S.A.R.A. (synesthetic augmented reality application) is an App exploring the potential of using a mobile device as a unique and wearable musical interface. S.A.R.A. was originally developed as a standalone App to translate the surrounding environment into sounds on mobile devices (iPhone and Android), creating a digitally augmented synesthetic experience. The imagery captured via the mobile device’s onboard camera is translated into synesthetic-inspired sounds. Our interests in developing this project stemmed from the desire to explore the following research questions. Can technology be used to create a synesthetic augmented reality? What sonochromatic sound mapping should be used? Do we allow for a variety of mapping choices? Should a visual element be used as well? While investigating these research veins it led us to the realization that the S.A.R.A. App and interface would be best explored in a performance setting, therefore we arranged to collaborate with a local dance troupe that agreed to utilize S.A.R.A. as part of their repertoire. The performance version of the S.A.R.A. App is a fully interactive App that generates both its own sounds and visuals based on the camera video input and the movement of the device. The mobile device is complemented by a pico laser and mounted in a sleeve worn by each of the four dancers. S.A.R.A. becomes an extension of the dancer’s arm and allows for natural movement to occur. The role of the performers is also augmented as they are now gatekeepers of what sounds are made, as well as what images are projected, by deciding what live imagery and angles look most appealing to rebroadcast. Performers can choose to project images on themselves, their coperformers, or on to the architectural structures of the venue. This format allows for a completely new interaction with wearable technology; augmenting and mediating their performance via several technological input and output mechanisms while still maintaining choreography, as well as allowing for subjective choices during the performance. The performance setting brought up additional questions. How wearable can these devices be made in their current configuration? What is the best placement on the body for these devices that does not impede movement but allows for maximum control of the App? What does it mean when one performer wears a device like this? Multiple performers? Does wearing this device change the role or mechanism of the performer? Does the lighting need to be thought out differently for the stage and the performers? Should additional light be placed on the dancers if they can’t be lit in traditional methods? Can other dance troupes benefit from the technology? During various beta performances it became obvious that the lighting source needed to be on the performers’ bodies rather than from an external source. In response we are creating custom LED to provide a light source for the camera to pick up imagery more effectively. The LEDs were integrated into a neck cowl and the rest of the costume is designed in white to easily provide a surface to project on. Although within a set choreography, the performer’s role changes as their body’s interactions directly produce sounds. The Human Computer Interaction between the dancers and the technology as an extension of their bodies creates an altered/mediated/mitigated performance environment that is always unique to the specific performance venue. S.A.R.A. is not only an interface and an interactive software application for consumption, play, discovery and joy, but is also a jump off point for a larger discussion on transformational strategies in regards to both S.A.R.A. as a wearable musical/performance interface but additionally in the Open Source distribution of S.A.R.A. as a tool. The technology will be released open source and it is potentially possible to custom craft new versions for every performance or for other dance troupes to adapt the technology with their artistic vision. Creating the App for an existing platform device such as an iPod touch and utilizing a relatively inexpensive laser pico projector (less than $500), S.A.R.A. can be added relatively simply and cheaply as a versatile tool to their technology performance toolkit. Therefore the artwork we created provides a new tool set for other artists.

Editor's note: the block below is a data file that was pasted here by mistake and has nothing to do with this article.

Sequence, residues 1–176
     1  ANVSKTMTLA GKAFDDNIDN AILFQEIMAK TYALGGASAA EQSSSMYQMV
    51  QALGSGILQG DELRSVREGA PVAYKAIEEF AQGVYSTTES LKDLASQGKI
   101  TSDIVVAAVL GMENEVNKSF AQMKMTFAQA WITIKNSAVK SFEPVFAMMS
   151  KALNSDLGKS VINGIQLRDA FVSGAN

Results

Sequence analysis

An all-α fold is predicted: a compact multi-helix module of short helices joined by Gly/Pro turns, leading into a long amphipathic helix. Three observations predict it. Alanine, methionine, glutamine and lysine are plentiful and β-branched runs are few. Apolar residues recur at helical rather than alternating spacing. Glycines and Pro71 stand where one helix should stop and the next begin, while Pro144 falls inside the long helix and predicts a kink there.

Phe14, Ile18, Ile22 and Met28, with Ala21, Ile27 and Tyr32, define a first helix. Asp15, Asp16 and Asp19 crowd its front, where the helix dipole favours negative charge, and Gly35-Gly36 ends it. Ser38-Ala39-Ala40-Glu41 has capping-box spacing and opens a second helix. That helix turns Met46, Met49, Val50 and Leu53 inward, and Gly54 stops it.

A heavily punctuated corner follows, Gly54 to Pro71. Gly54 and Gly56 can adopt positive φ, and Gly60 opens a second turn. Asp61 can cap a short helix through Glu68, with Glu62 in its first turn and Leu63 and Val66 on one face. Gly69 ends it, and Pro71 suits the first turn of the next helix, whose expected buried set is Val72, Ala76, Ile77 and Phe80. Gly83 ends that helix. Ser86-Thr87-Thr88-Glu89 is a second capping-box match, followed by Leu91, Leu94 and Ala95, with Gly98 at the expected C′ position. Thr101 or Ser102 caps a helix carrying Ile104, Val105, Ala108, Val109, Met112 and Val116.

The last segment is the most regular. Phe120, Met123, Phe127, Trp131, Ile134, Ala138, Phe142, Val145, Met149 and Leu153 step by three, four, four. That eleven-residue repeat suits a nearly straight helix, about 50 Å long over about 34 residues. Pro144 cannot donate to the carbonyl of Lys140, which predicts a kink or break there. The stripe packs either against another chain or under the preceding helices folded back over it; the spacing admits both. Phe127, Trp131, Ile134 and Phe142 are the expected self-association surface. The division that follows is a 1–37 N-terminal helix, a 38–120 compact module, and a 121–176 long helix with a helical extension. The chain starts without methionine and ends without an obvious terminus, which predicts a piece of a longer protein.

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  • Writing on the transformative and imaginary body